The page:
With this issue, the editorial team transition that has been going on for the past year is complete. Sinai Rusinek has been at the head of Contributions since 2009. The first two years were spent finding a new home for the journal. Since 2011, we have been publishing with Berghahn Journals, and the Van Leer Jerusalem Institute has assisted us with a generous grant, for which we are truly grateful.
The next five years were of tremendous importance for Contributions, and it is thanks to Sinai Rusinek’s untiring efforts, and to the support she received from Ilana Brown as managing editor, that we stand where we are now, with a rising number of subscriptions, both by individuals and by libraries. In addition to being hosted on the journal’s main online platform, the articles, as of 2016, can also be found on JSTOR, with a moving wall of three years. Being better known in the community has the added advantage of an increasing flow of submissions. A very big thank-you to Sinai! She will be sorely missed, but fortunately we can still rely on her advice as a member of the editorial board.
Since 1 January 2017, Contributions is affiliated with the Helsinki Centre for Intellectual History and financed by the University of Helsinki.
Our New Editorial Team
Jani Marjanen, University of Helsinki (since 1 January 2016)
Jan Ifversen, University of Aarhus (since 1 July 2016)
Margrit Pernau, Max Planck Institute for Human Development, Berlin (since 1 January 2017)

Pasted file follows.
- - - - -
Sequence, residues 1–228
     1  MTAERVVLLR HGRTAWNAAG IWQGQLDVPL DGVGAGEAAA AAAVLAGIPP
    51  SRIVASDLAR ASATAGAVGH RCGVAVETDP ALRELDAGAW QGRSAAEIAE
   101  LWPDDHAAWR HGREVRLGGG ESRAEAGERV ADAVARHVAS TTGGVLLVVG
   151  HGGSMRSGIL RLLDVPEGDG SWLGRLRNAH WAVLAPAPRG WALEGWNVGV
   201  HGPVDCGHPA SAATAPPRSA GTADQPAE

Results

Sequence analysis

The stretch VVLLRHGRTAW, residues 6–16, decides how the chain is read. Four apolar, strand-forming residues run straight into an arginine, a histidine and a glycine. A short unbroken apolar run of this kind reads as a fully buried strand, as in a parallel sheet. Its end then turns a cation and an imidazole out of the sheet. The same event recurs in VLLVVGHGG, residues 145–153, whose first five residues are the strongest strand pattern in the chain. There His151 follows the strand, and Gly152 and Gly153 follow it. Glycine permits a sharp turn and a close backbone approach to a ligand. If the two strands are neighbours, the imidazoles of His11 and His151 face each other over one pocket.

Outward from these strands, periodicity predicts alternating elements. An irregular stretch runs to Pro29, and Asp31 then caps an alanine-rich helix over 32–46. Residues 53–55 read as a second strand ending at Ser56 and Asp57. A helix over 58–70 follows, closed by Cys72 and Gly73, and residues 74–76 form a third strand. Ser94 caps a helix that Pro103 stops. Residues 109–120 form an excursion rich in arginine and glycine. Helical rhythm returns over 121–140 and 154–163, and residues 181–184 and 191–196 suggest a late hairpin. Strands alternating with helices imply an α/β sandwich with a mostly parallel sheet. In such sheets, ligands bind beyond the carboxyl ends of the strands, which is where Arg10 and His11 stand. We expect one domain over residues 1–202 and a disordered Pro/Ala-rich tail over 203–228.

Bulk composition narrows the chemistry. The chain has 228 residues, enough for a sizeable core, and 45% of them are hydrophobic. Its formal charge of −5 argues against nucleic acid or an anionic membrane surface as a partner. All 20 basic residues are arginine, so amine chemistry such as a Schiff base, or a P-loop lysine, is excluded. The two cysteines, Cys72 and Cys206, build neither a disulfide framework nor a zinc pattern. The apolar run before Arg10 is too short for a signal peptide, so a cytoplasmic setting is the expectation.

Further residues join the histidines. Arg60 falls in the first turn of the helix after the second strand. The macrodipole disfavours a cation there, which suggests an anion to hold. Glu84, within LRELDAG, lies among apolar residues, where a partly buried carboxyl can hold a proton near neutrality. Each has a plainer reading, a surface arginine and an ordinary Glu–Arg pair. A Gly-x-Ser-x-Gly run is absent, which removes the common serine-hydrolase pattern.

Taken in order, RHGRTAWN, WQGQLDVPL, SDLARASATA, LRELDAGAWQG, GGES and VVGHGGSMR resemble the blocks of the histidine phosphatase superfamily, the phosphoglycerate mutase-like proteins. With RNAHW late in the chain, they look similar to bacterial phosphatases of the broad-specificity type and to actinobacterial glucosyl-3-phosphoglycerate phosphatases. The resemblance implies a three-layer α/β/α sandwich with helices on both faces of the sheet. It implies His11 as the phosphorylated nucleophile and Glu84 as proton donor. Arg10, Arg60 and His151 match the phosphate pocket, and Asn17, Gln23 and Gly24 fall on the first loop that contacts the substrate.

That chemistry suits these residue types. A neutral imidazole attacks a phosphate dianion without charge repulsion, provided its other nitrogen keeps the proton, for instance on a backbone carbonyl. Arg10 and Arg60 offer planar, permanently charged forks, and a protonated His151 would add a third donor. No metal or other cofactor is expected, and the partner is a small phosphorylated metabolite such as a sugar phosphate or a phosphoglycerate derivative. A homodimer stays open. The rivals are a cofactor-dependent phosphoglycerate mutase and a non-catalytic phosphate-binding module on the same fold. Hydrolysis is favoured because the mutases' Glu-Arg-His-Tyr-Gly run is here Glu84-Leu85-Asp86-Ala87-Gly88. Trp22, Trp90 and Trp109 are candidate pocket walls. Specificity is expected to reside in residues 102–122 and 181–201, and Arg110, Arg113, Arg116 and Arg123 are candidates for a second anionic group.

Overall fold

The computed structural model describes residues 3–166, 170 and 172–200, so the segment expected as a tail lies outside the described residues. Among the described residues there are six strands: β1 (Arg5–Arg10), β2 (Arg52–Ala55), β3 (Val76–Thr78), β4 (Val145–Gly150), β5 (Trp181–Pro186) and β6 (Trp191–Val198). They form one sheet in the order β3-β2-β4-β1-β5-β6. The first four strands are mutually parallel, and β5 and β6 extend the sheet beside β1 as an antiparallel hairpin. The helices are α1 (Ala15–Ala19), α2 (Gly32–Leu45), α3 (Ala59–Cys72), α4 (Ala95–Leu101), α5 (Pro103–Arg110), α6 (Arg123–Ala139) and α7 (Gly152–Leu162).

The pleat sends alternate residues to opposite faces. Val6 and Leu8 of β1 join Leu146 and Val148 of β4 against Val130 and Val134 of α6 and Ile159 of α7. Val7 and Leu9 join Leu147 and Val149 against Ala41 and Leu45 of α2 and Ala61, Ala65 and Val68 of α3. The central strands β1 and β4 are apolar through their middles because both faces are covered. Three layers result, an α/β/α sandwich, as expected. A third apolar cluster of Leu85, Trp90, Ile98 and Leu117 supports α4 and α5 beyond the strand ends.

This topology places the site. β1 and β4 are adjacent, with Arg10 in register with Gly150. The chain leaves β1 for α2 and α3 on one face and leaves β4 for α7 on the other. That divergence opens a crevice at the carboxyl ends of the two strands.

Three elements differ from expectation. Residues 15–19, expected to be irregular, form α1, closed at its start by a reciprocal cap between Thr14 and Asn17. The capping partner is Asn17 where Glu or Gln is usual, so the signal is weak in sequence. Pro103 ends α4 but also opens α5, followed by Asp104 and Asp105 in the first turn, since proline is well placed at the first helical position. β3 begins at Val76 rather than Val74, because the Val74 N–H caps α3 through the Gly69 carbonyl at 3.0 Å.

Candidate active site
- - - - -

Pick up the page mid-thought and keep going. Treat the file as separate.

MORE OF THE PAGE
Joined by two book reviews editors:
Rieke Trimçev, University of Greifswald (since 1 July 2013)
Gabriel Entin, Centro de Historia Intelectual-Universidad Nacional de Quilmes (CONICET-UNQ) (since 1 April 2017)
As well as two social media editors:
Aims for the Journal
The history of concepts has steadily grown, both geographically and intellectually. Today, it is established in many countries and languages, from Latin America to Korea, from Finland to South Africa. The History of Concepts Group (HCG), the parent organization of Contributions, was founded in 1998 and has hosted annual meetings since then. Concepta has conducted its eleventh summer school in 2016, and for the first time a summer school was also offered in Mexico City for training young Spanish-speaking conceptual historians. We hope to build on this development. In order to improve the communication between historians of concepts publishing in different languages, we plan to open a special rubric with articles on the state of the art in a number of regions in the near future.
Topically, we wish to keep the focus on concepts in history but also in the present, bringing together historians, political scientists, political theorists, linguists, philosophers, and researchers in cultural studies. Yet we also want to reflect the dynamic of the field and look toward the future. Where is the history of concepts heading? Where do we want to be ten years from now? We invite articles reflecting on the future challenges—including, but not limited to, the impact of digital humanities, the possibility of moving beyond language, and the relation between the history of knowledge and the history of concepts—but also continuing the debate of the interface between the rapidly expanding field of the history of time and temporality and the investigation of concepts.